Back home, the CDU has also benefited from a weakened AfD. Since its founding in 2013, the far-right party has been a major thorn in the CDU’s side. In the 2017 federal election, the CDU lost a little over a million voters to the AfD, which subsequently became the largest opposition group in the parliament. The AfD’s visibility also served as a drag on the CDU’s conservative credentials during the centrist Merkel years.



‘Ashamed’ Russian diplomat resigns over Putin’s ‘aggressive war’

“For twenty years of my diplomatic career I have seen different turns of our foreign policy, but never have I been so ashamed of my country as on February 24 of this year,” he wrote, referring to the date the invasion was launched.

“The aggressive war unleashed by Putin against Ukraine, and in fact against the entire Western world, is not only a crime against the Ukrainian people, but also, perhaps, the most serious crime against the people of Russia, with a bold letter Z crossing out all hopes and prospects for a prosperous free society in our country.”


Amanda Carpenter/Bulwark:

Trump Surrenders to Kemp

Georgia governor stares down the defeated president again.

Think about the split-screen: Trump is probably at home in Mar-a-Lago right now stewing, looking for screwy things to “ReTruth” on his pretend social media platform. Meanwhile, IRL, Republican governors are flocking to Kemp’s side. Kemp ran Trump outta Georgia with his tail between his legs. Kemp won’t say that, of course. He’s a politician courting Trump voters. But, here’s the real rub for Trump: Former Vice President Mike Pence—who shares with Perdue the distinction of having defied Trump’s demands to block Joe Biden’s election—will be in Georgia today to campaign alongside Kemp on the eve of his all-but-certain victory.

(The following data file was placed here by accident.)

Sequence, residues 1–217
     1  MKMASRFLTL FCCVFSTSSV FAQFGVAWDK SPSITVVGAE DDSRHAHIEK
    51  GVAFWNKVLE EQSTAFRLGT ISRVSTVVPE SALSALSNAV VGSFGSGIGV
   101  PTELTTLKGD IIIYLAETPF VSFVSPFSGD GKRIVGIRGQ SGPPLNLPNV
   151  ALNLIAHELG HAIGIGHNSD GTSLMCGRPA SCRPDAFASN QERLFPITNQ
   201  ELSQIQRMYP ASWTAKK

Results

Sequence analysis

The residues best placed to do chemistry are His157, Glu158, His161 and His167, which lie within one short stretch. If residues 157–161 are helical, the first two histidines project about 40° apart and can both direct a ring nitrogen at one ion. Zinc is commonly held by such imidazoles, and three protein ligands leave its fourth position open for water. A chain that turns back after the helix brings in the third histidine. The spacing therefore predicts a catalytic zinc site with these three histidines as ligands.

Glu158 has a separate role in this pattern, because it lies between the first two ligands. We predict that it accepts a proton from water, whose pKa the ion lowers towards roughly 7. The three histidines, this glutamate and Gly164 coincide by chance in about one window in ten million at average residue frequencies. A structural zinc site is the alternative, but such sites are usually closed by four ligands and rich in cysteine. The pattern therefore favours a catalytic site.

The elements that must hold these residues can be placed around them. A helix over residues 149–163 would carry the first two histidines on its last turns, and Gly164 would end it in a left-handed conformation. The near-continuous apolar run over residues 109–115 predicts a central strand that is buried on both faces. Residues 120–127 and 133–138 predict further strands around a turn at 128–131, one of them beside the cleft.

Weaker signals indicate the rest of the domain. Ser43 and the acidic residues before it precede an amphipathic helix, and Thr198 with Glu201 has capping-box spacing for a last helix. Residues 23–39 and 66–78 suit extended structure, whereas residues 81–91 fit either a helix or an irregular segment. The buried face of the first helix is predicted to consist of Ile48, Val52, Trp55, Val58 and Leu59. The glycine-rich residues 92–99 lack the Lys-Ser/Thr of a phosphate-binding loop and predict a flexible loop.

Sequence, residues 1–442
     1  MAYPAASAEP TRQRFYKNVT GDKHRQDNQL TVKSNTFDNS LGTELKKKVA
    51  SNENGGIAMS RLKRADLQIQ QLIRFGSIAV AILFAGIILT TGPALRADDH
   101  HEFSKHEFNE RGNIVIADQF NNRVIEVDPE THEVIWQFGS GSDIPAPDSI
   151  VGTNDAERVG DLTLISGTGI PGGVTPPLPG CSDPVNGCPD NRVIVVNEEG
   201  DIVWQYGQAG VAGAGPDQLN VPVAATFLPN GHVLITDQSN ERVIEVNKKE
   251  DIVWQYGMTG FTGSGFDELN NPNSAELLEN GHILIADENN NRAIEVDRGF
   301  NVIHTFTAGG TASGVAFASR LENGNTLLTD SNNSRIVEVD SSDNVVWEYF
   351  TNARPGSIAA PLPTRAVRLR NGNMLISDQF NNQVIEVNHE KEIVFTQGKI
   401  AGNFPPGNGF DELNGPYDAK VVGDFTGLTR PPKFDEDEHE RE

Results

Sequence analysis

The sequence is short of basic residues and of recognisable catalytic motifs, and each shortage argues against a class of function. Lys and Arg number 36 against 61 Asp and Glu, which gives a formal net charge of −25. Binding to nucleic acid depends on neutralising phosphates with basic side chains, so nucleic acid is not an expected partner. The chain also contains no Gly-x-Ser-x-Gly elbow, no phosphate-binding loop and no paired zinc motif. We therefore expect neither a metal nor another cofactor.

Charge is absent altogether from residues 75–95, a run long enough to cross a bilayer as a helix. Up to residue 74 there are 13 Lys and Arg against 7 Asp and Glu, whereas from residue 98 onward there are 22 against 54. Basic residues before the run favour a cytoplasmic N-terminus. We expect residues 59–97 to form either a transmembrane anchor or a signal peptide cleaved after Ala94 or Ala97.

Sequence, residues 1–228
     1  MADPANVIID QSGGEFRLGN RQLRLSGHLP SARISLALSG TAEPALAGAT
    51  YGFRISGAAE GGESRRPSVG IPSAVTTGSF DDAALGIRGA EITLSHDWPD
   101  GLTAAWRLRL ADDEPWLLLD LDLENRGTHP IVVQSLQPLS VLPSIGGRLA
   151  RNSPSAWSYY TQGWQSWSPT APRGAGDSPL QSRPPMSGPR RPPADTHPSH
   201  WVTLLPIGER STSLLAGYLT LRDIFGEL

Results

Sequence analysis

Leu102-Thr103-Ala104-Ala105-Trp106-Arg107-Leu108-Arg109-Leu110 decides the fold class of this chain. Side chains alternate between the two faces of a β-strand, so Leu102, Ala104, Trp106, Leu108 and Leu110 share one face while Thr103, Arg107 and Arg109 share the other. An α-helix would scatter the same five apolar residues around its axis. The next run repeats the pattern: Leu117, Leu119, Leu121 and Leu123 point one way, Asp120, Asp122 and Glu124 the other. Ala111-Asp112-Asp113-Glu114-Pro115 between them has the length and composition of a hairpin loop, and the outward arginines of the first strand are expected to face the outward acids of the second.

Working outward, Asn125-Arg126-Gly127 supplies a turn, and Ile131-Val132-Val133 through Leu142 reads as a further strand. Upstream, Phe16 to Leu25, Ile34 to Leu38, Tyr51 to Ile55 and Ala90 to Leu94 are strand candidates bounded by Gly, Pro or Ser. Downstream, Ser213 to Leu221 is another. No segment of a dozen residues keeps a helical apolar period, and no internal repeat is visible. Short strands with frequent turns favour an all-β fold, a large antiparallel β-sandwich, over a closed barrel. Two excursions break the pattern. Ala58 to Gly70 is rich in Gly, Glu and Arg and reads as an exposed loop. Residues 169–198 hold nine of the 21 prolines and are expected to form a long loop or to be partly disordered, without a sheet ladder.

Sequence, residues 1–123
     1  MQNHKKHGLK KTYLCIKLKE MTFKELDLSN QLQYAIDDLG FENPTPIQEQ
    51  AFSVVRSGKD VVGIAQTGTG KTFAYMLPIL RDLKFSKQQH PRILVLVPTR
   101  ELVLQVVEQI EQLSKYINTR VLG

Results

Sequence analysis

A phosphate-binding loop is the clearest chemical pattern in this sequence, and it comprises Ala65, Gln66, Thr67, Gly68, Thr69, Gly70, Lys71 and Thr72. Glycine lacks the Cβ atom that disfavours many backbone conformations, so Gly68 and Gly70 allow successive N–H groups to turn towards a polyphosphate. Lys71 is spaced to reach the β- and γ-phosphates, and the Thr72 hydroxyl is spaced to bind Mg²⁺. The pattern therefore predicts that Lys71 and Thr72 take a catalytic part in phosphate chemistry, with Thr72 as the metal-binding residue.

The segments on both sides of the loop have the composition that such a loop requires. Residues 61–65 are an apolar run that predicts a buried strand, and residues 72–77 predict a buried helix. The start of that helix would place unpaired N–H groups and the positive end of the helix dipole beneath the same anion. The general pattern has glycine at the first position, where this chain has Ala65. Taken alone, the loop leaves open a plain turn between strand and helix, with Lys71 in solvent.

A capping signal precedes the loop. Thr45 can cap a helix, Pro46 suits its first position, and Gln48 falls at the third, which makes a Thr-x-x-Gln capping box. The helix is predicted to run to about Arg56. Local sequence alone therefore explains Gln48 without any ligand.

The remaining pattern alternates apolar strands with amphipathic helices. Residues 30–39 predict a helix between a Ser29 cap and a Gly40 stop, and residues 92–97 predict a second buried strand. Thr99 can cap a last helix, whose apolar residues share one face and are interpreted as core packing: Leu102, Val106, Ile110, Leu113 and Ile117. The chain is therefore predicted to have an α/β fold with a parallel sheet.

Brad Raffensperger (SoS) also won his primary in GA against Jody Hice, arguably as or more important than the Gov race. He’s the guy that counts the votes, which is why Trump called him begging him to find enough votes for Trump to win.


The Guardian:

Trump shares CPAC Hungary platform with notorious racist and antisemite

Hungarian talk show host who has called Jews ‘stinking excrement’ and Roma ‘animals’ addresses right wing conference

Zsolt Bayer took the stage at the second day of the Conservative Political Action Conference (CPAC) Hungary, a convention that also featured speeches from Donald Trump, Fox News host Tucker Carlson, and Trump’s former White House chief of staff, Mark Meadows.